TPS info - BMW R1200GS Forum : R1200 GS Forums
 
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post #1 of 8 (permalink) Old 05-Dec-2018, 11:30 AM (729) Thread Starter
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TPS info

I picked up a nail in the rear tire of my 2015 1200GS, I used a can of fix a flat to get to the closest bike shop. I purchased a new tire and paid for mounting and balancing. After they mounted the new tire the wheel leaked air out of the tire pressure sensor. Their mechanic claimed I ruined it by driving 1 mile with low pressure. I know that he screwed it up when he changed tires. It was showing 4 PSI when I pulled into the shop.
Is it even possible for bend a TPS on a 2015 1200 GS by riding it flat or with low pressure? I need some real info before I go back and have a talk with the manager and or go to small claims over this. A new BMW TPS is 402 dollars, more than I am willing to let go of peacefully.
Thanks, any info would be appreciated.
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post #2 of 8 (permalink) Old 05-Dec-2018, 01:34 PM (815)
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Ahem...

Fix a Flat? I guess but most "plug and pump". Had the "goo" worked you would have had far more than 4 psi in a motorcycle tire? I've inflated truck tires after truly spiking them and achieved 25/30 psi off of one can but wouldn't use it on my motorcycle anyway.

I was force to ride a mile at 10 psi due to pump failure, trying to reach a commercial source. It was like swimming. The bead held up (I don't know how) and I never exceeded 10 mph. I can't speak to the durability of TP sensor being squashed between the rubber and the road but who knows?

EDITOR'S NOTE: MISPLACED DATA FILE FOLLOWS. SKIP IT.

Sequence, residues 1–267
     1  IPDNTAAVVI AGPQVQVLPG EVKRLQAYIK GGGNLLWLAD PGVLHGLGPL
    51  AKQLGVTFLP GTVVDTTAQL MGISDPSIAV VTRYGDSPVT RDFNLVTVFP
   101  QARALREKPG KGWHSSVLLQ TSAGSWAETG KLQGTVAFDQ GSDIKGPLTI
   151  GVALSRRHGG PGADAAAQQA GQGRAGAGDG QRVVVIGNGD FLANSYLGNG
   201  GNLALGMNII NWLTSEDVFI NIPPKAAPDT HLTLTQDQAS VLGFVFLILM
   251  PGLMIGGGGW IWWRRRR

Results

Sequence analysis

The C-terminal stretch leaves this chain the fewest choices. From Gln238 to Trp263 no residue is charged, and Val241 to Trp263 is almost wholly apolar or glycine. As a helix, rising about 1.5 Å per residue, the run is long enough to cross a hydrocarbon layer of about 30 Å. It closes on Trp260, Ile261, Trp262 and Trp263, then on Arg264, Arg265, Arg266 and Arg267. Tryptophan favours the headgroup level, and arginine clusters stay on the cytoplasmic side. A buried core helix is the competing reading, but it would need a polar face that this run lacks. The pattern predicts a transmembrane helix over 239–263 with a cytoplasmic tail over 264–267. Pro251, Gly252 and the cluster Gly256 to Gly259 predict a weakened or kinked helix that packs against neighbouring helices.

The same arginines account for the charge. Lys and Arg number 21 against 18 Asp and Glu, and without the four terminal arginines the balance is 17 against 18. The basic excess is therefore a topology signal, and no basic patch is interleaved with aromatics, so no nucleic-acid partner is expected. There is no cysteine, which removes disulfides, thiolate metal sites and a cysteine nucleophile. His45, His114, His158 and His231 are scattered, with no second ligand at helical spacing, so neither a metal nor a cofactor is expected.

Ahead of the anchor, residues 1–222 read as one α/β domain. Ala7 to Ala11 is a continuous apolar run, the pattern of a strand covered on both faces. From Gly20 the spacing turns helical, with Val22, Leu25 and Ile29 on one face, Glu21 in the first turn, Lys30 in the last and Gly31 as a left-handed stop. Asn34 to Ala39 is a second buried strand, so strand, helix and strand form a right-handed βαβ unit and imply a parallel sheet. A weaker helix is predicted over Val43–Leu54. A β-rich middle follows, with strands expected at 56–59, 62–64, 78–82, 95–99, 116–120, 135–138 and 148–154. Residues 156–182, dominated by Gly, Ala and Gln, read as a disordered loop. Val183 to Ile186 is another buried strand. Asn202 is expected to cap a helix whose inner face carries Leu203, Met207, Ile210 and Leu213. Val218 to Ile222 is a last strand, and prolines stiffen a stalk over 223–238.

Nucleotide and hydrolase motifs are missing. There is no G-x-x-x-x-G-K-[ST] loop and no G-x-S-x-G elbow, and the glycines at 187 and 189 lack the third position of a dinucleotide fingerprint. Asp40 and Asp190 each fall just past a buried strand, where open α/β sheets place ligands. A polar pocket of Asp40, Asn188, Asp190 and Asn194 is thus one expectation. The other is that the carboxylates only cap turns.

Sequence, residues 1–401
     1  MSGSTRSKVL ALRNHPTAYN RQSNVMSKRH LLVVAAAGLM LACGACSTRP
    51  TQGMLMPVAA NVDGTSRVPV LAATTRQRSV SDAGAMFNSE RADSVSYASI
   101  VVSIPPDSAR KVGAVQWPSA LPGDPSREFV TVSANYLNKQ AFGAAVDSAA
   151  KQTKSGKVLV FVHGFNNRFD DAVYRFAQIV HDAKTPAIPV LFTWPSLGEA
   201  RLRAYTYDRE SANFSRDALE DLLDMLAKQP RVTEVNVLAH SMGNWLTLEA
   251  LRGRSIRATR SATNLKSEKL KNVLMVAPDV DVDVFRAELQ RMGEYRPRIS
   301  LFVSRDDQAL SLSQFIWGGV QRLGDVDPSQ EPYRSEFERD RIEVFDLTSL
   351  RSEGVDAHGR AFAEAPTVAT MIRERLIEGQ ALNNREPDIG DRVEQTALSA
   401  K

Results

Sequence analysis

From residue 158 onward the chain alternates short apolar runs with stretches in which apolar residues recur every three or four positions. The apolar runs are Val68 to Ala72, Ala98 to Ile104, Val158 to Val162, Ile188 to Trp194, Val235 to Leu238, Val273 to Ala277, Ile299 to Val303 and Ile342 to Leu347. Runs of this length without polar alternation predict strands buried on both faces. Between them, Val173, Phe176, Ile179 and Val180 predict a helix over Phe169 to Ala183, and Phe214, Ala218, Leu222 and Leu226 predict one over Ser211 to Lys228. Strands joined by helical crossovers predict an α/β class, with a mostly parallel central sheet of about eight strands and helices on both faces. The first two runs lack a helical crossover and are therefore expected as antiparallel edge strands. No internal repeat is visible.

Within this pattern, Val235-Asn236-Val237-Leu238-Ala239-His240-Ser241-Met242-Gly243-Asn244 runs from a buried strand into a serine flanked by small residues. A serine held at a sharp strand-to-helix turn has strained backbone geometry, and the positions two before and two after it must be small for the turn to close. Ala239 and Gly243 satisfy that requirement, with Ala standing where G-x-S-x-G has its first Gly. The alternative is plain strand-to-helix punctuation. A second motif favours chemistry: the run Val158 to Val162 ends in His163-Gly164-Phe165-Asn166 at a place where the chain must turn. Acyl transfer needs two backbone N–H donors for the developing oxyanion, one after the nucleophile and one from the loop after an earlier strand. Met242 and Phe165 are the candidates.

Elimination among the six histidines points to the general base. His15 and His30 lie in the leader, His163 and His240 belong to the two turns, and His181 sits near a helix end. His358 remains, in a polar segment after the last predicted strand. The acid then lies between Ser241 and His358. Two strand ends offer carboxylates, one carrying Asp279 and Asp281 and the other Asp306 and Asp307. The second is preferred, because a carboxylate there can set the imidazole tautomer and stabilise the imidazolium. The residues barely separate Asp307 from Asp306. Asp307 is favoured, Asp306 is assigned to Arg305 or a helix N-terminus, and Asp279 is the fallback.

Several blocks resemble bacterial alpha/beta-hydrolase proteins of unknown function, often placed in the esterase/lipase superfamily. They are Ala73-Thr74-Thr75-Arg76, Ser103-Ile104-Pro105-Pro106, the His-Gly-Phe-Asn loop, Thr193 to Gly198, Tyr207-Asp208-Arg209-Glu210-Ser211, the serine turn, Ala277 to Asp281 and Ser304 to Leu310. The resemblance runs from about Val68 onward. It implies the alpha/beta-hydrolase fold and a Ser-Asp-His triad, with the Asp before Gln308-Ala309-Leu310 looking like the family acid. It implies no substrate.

Was your tire shop a respected outfit? No experienced M/C tire changer should have a problem with TPS. Good luck and cheers but I'd spend the money on a TPS rather than a lawyer.
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post #3 of 8 (permalink) Old 05-Dec-2018, 01:47 PM (824)
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I rode mine a mile or more with a totally flat back tire. Didn't damage the rim or the TPMS sender. I would think he damaged it with his tire machine. A very easy thing to do.

Rick
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post #4 of 8 (permalink) Old 05-Dec-2018, 02:22 PM (848) Thread Starter
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I am positive that me riding the bike for a mile with a low /flat tire did not damage anything. I am looking for a resource to convince the manager or if that fails a Judge that their inexperienced mechanic bent the TPS when he changed tires. I replaced the TPS,$403 with tax plus $316 for the tire so this is a very expensive flat .
I am sure if I come up with some sort of reliable reference like a BMW memo or bulletin the manager will cut me a check.
Anybody out there know of anything ?

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post #5 of 8 (permalink) Old 05-Dec-2018, 04:34 PM (940)
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Quote:
Originally Posted by Rebochi View Post
I am positive that me riding the bike for a mile with a low /flat tire did not damage anything. I am looking for a resource to convince the manager or if that fails a Judge that their inexperienced mechanic bent the TPS when he changed tires. I replaced the TPS,$403 with tax plus $316 for the tire so this is a very expensive flat .